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Re: [ARSCLIST] Splice repair

On Saturday, May 03, 2008 9:41 AM, Bob Olhsson wrote:

> The food dehydrator method preserves the condition of 
> tape to tape splices remarkably well. Most splices to 
> paper leader will need to be replaced even if the tape 
> has no sticky-shed problem.

I would agree with Bob here.  We've had very few problems
with splices when using a precision oven (we don't use a
food dehydrator).  A precision oven allows you to control
the temperature within 1-degree Celsius throughout the
entire oven and do controlled temperature ramp up and down
to minimize temperature shock to the tape and eliminates
the possibility of a local hot spot in the oven.

An alternative to baking, if you are concerned about 
baking, would be to use a dessication chamber with a
dessicant like silica gel and let the tapes sit in the
low humidity environment for several days (sometimes I 
need to let tapes sit for as much as 1 month or more).  
Silica gel generally drives the humidity down to about 
30-35%.  There are other more aggressive dessicants that 
can bring the humidity down even lower.  I also keep a 
stirring fan in the chamber to keep the dry air circulating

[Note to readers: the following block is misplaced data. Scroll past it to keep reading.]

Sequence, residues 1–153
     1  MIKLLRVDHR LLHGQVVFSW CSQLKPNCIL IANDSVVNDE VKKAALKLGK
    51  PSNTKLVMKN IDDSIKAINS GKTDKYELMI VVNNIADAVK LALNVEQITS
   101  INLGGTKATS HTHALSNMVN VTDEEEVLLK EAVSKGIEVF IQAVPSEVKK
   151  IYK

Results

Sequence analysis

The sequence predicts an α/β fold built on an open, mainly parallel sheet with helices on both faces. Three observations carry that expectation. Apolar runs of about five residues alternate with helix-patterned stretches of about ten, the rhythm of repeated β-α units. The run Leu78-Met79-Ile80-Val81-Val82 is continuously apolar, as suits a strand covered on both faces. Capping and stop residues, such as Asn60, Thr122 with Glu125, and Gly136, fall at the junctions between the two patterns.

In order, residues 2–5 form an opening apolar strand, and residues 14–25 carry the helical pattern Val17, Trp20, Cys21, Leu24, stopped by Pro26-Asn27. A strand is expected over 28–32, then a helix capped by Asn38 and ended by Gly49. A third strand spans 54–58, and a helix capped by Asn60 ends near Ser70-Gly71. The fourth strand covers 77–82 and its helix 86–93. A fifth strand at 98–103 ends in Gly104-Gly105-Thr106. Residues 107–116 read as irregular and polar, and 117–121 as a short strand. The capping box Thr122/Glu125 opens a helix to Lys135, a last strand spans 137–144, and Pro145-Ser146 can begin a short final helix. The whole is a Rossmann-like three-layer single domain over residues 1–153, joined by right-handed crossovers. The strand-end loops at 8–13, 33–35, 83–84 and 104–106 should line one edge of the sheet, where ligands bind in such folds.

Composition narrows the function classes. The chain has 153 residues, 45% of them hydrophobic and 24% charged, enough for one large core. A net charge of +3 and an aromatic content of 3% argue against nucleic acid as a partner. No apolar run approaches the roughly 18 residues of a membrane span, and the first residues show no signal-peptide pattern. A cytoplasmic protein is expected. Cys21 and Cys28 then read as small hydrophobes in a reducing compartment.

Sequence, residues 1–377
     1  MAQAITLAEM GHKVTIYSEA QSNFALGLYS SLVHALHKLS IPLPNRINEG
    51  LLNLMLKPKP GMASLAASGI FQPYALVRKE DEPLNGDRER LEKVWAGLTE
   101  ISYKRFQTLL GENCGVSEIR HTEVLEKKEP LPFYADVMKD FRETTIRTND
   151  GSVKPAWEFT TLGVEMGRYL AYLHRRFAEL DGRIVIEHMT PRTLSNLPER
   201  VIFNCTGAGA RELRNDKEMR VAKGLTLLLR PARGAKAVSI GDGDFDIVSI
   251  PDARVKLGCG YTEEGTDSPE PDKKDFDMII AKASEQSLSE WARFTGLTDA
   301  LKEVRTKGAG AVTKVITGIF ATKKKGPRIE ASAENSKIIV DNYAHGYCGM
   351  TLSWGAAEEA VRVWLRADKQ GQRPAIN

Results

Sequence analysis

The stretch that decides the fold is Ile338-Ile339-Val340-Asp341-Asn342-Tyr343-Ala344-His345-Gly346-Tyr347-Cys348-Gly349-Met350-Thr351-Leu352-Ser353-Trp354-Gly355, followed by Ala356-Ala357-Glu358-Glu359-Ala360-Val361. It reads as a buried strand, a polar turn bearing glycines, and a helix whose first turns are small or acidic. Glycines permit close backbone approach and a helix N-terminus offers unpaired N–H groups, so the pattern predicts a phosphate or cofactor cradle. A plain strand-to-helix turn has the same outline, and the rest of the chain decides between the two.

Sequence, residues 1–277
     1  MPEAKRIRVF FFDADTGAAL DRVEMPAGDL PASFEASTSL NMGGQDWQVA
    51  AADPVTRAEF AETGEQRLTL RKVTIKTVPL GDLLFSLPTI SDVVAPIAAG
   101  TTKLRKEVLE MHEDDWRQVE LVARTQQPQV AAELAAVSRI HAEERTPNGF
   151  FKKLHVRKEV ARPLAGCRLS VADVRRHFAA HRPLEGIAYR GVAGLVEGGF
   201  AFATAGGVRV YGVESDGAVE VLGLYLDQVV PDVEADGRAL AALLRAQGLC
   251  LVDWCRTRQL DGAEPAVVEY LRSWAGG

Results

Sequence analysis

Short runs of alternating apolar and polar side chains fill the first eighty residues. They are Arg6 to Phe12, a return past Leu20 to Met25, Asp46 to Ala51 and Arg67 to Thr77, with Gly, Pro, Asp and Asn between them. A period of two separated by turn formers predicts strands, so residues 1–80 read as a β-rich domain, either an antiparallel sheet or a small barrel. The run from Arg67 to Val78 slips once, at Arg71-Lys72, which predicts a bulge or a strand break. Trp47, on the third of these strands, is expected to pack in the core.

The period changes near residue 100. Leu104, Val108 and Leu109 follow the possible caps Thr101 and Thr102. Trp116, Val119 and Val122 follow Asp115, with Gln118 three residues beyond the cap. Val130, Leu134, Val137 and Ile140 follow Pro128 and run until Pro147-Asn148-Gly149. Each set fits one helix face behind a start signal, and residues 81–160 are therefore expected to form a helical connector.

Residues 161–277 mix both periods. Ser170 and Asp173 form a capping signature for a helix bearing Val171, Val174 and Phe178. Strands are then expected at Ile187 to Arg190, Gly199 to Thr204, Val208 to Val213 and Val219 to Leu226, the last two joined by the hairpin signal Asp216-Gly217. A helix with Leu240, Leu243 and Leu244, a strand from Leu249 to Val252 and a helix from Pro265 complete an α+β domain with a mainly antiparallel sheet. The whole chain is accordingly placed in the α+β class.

in the dessication chamber - a bit like a convection oven.  
Dessication does not always work, but it frequently works 
with early stage sticky shed tapes.  The really gooey tapes 
need to be baked.  If I have a project that has known
sticky shed, I get the tapes well in advance of transfer and
store them in a low humidity (30%) air-conditioned storage 
locker for about a month, and this seems to help quite a bit
by remediating the lighter sticky shed, but the severe 
sticky shed will still need to be dealt with using an oven.

I'm not entirely convinced that baking damages the chemistry
of a tape.  I know this is a controversial statement, but 
I'd like to see some concrete research, not just hypotheses,
as to what is going on when baking.  I believe there is some
research out of Australia that shows perhaps less than a 1 dB 
loss for very high frequencies from baking.  And baking can
certainly aggravate print through (if you do bake, hope that
your tape is tails out).

Eric Jacobs

The Audio Archive, Inc.
T. 408.221.2128
F. 408.549.9867

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